All Is Fair in Love and Class Warfare

Wisconsinites head to the polls tomorrow for recall elections in six state senate districts. These elections (and two next week) will determine whether Governor Scott Walker will retain a Republican state senate majority, and will also gauge the likelihood that he'll face his own ouster in January. They'll also provide a rare test case for a brand of populist, anti-corporate campaigning that activists often call for but many Democrats shy away from. These Democrats are using a class-based message in six districts red enough to have elected Republican state senators on the same day Barack Obama was elected president.

In the 2008 election cycle, candidates campaigned on who planned to lower taxes the most. Three years later, a victor from that year, state Senator Alberta Darling, is seeing her opponent, Sandy Pasch, argue against lowering taxes. Pasch's ads accuse Darling of "cutting education and health care to give tax breaks to big corporations" and "supporting the end of Medicare as we know it while giving the richest a massive tax cut."

Pasch's fellow Democratic challengers are taking a similar tack against their opponents: "Dan Kapanke gave tax breaks to the rich and big corporations while raising middle-class taxes" (Jennifer Shilling); "Politicians like Randy Hopper have been fighting for wealthy people like himself" (Jessica King). "I see the very basic things that allow people just to eke out a life being taken away at the same time I see the wealthiest wealthy people being benefited," Democratic challenger Nancy Nussbaum told the local Post-Crescent last week.

Progressive groups are driving home the same message -- that incumbent Republicans are siding with the wealthy against working people. One ad from We Are Wisconsin (WAW), the largest coalition of labor and other progressive groups working the recalls, shows nurses, firefighters, and teachers putting money into a jar and then rich people in suits and gowns pocketing the cash. Another shows an actor in a suit playing Alberta Darling as she turns her back on a middle-class couple and an elderly woman. A child reaches out to get Darling's attention as Darling taps away on her smart phone, and Darling yanks her arm away and walks off.

The same populist message is being used in phone calls and door-to-door canvassing. WAW spokesperson Kelly Steele says that the coalition's message to voters has been about "this war that Scott Walker started in February when he unabashedly attacked working families in this state" and that the Republicans' agenda "is being driven by these powerful corporate-backed interests." Last week, the WAW announced it had knocked on more than 300,000 doors and made more than 700,000 phone calls.

SEIU Healthcare Wisconsin Vice President Bruce Colburn says that whereas in most elections Democrats "try to abstain" from "class warfare" rhetoric, right now in Wisconsin "both sides see this in those terms."

It's not unusual to see Democrats dabble in populism, but they don't often go full-throttle. Too much rhetoric dividing the rich from everyone else, we're told, will alienate the majority of Americans who want to become rich themselves. Conservatives are quick to insist we focus on how to grow the pie for everyone, yet right-wingers have shown themselves all too savvy at stoking class resentments. The anti-elite rhetoric of the Tea Party is the latest example of a long tradition that includes attacks on "elitist" judges for imposing a gay agenda on an unwilling populace and on unions for sustaining benefits most Americans are denied. When We Are Wisconsin aired an ad with students decrying Darling's support for Walker's education cuts, Darling fired back with a press release charging that one of them was a well-heeled "Daughter of [a] Union Boss." Conservatives may chide Democrats that people aspiring for better lives will be turned off by class rhetoric -- but conservative successes suggest otherwise.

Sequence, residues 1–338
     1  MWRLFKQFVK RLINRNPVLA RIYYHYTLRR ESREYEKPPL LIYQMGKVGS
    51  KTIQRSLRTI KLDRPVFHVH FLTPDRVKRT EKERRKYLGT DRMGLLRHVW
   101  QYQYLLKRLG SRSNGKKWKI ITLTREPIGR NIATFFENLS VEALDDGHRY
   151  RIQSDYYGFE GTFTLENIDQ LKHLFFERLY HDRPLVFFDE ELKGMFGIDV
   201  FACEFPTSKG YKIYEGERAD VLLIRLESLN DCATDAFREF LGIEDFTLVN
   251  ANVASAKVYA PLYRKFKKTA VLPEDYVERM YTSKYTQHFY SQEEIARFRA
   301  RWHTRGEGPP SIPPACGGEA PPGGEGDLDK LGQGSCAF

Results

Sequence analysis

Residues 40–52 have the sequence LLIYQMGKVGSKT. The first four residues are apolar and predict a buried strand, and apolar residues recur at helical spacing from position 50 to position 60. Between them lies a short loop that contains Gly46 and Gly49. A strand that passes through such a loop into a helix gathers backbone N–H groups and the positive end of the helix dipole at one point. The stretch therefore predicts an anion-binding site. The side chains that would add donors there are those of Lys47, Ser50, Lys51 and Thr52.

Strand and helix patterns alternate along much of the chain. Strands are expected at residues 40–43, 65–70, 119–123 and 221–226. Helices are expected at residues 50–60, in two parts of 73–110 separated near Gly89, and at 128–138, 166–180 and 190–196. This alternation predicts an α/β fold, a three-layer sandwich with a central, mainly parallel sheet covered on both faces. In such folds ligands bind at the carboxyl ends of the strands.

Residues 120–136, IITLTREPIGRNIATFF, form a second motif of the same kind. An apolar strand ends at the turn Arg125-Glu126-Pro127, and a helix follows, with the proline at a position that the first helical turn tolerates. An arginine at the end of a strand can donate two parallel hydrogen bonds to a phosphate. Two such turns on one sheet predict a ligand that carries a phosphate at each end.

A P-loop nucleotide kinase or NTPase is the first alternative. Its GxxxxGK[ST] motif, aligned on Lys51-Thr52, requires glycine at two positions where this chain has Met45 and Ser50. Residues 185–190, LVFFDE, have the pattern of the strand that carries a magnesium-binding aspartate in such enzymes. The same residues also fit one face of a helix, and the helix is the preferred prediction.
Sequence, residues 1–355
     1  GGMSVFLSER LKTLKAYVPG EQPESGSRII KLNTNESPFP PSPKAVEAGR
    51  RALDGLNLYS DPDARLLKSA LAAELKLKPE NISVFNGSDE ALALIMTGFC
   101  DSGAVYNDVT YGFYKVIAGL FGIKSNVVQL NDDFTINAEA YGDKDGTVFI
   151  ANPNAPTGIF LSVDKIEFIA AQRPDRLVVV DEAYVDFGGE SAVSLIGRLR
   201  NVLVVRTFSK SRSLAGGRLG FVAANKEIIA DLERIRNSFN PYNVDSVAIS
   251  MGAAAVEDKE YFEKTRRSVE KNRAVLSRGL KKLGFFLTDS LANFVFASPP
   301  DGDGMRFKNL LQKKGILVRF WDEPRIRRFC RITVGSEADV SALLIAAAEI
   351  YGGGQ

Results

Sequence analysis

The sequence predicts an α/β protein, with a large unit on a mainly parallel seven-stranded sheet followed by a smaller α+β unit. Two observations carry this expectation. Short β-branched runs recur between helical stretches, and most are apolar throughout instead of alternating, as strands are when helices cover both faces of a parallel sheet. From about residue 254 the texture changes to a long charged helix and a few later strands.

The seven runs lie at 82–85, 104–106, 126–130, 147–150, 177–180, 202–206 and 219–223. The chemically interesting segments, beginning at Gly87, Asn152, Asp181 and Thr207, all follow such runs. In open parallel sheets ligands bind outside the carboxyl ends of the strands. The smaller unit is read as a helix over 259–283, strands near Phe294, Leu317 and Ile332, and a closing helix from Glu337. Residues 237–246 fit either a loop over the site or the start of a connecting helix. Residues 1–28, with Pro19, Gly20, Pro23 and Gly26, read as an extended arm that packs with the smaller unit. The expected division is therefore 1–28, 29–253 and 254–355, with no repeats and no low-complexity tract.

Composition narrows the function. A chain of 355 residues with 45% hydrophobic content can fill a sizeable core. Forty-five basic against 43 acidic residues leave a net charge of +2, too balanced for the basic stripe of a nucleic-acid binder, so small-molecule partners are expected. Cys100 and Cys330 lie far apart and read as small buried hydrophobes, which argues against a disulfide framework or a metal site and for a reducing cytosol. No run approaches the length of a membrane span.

Democracy for America spokesperson Levana Layendecker credits the Tea Party's ascendance to "a populist message" about "government bought out by corporate interests -- and I agree with them." She and other activists expressed excitement about the chance to take a clear, class-conscious message to voters in red districts and to send a message not just to austerity-happy Republicans but to national Democrats as well.

"If we can pull this off," says Democracy Addicts' Ed Knutson, "we have a blueprint that can be adapted to other situations." He says Wisconsin Democratic politicians this year "have very publicly come out on the side of people and against the corporate interest, and I don't think people looking at D.C. Democrats see the same thing."

Stephanie Bloomingdale, secretary-treasurer of the Wisconsin state AFL-CIO, says the left is using "the kind of message you haven't seen much in past decades." She predicts that tomorrow's results "will determine how we do these kinds of populist messages in other states across the country."

Several factors have brought us to this moment in Wisconsin: recall laws, a persistently poor economy, a unified and emboldened right-wing state government, an unprecedented protest movement, and the willingness of progressive activists and Democrats to make common cause. Tomorrow, if Democrats take back the three seats necessary (along with defending two of their own incumbents against recall next week) to flip the Wisconsin Senate, it will be a victory for a movement and a party but also for a way of approaching other citizens and doing progressive politics.

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